Potential donors urged to 'give life, give hope' in the UK
Dr. Kirsty Horsey
Progress Educational Trust
12 February 2005
The UK's Department of Health (DH) has today launched a new national campaign aimed at increasing public awareness about the need for egg and sperm donation, and encouraging potential egg and sperm donors to come forward. The campaign, called 'Give Life, Give Hope' focuses primarily on men aged 28-40 and women aged 28-35, from all social groups. The DH hopes to prevent further shortages of donors, a problem that has been exacerbated by new regulations, coming into force in April, which will remove anonymity from all future donors. According to the DH, donations from just one per cent of the fertile population would satisfy the current demand for egg and sperm donors in the UK. Currently, only 250 men and 1100 women donate gametes each year.
UK fertility clinics say that they have already noticed a decline in the numbers of people coming forward to donate gametes, since the announcement, made last January, that the rules on anonymity were to be changed. The changes mean that anyone born from donations made after 1 April will be able to ask for identifying information about the donor, when they reach the age of 18.
The new campaign, developed in conjunction with the National Gamete Donation Trust (NGDT), hopes to raise public awareness about the benefits of egg and sperm donation. Posters, leaflets and business cards will be distributed to a participating network of 95 fertility clinics throughout the country. In addition, the campaign will promote the NGDT's website and helpline, as the organisation will be billed as 'the first port of call' for anyone who wants further information on donating their gametes.
Launching the campaign, Health Minister Melanie Johnson said that it aims to 'encourage people to see the value of donating and to realise what it really means to the recipients: that they are giving families hope and the possibility of a new life'. She added: 'we also want to dispel the myths around donating egg and sperm and seek to assure donors that they will have no financial or legal responsibilities to any related offspring, either now or in 18 years time'. Laura Witjens, chair of the NGDT, said 'our hope is that this campaign will spark an interest in men and women up and down the country to find out more'. The British Fertility Society (BFS) welcomed the campaign, but called for more action in time for the change in law in April 2005. Dr Allan Pacey, Honorary Secretary of the BFS said 'this is the first time that the UK government has put resources behind a national programme to recruit gamete donors. Until now fertility centres have had to commit their own resources and they have had variable success in doing so'. He continued: 'however, some members of the BFS have significant concerns that infertility clinics have not been given enough time or assistance to prepare for this campaign. Moreover, there are important practical details yet to be worked out about how clinics will cope with what is a big change in everyday practice'. Further guidance is urgently needed'.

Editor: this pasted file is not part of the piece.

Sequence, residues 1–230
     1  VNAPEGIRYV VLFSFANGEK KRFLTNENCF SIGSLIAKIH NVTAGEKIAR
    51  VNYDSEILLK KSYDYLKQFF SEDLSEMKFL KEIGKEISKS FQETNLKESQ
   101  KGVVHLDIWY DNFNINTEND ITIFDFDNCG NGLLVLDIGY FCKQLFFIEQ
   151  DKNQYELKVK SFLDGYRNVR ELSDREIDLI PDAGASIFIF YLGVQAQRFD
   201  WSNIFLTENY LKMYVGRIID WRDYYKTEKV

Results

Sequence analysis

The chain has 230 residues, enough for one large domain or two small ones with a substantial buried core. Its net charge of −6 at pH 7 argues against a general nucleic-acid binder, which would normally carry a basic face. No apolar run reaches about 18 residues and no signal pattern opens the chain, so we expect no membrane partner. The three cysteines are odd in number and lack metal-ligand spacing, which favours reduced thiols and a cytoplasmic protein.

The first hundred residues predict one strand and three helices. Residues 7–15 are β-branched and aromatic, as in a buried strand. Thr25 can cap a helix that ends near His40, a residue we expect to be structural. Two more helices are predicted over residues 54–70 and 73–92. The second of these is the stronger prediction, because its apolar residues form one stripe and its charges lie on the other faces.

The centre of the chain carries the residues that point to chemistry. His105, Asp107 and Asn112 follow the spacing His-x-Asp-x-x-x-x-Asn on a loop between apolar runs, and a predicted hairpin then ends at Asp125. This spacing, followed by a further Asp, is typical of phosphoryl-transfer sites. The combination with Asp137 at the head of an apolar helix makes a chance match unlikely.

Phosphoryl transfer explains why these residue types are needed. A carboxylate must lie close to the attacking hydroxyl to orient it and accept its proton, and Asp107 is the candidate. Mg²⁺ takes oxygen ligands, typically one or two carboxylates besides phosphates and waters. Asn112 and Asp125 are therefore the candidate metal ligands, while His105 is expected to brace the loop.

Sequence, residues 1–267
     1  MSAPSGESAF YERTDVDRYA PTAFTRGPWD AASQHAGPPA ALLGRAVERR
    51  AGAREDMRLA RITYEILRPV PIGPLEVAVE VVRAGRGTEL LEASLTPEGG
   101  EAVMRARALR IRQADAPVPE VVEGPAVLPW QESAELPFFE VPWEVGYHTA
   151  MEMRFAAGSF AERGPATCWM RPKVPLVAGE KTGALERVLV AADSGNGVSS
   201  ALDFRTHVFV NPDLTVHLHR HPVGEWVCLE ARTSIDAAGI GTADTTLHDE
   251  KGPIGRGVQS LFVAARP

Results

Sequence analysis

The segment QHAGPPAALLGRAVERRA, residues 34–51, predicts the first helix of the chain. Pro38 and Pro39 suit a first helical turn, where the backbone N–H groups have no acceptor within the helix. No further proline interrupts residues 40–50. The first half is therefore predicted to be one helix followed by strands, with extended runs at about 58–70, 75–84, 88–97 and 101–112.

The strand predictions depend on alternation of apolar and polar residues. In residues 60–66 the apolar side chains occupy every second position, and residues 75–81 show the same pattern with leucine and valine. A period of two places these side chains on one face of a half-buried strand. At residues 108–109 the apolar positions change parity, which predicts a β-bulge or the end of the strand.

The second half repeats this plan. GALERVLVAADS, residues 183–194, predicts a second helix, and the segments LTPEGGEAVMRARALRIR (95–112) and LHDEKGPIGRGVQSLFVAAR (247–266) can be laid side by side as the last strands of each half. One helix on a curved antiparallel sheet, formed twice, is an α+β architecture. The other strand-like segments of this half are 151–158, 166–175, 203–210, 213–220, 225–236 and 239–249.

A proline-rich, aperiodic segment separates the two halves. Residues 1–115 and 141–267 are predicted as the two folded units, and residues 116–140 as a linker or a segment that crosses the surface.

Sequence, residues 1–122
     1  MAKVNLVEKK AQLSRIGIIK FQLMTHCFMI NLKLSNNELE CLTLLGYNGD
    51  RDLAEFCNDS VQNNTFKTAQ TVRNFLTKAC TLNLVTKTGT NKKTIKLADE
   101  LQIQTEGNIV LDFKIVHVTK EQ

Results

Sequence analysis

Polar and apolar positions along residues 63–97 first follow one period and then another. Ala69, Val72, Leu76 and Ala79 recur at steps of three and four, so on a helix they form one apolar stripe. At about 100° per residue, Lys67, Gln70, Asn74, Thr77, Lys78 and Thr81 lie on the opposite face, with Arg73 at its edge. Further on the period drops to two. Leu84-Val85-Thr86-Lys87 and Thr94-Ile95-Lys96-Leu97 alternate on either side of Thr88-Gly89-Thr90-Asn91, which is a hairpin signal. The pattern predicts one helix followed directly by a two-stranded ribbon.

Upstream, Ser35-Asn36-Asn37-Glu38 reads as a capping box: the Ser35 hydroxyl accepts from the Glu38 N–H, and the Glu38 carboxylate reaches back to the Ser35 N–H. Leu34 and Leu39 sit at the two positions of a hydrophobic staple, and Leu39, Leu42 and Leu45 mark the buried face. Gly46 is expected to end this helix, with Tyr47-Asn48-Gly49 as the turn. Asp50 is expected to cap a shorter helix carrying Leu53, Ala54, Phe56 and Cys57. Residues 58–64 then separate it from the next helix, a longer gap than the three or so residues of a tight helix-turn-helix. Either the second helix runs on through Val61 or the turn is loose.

Last November, the UK's Human Fertilisation and Embryology Authority (HFEA) launched a public consultation on sperm, egg and embryo donation. It is seeking views on issues such as whether there should be limits on the number of children per donor, how donor's characteristics should be matched with patients, and how much compensation donors should be paid. One proposal is that compensation for egg donors should be raised to ?1000, in recognition of the more invasive nature of the donation process, and to encourage more women to donate. The consultation takes the form of an online questionnaire, available via the HFEA's website (www.hfea.gov.uk), and is open until 4 February 2005.
© Copyright Progress Educational Trust
Reproduced with permission from BioNews, an email and online sources of news, information and comment on assisted reproduction and genetics.
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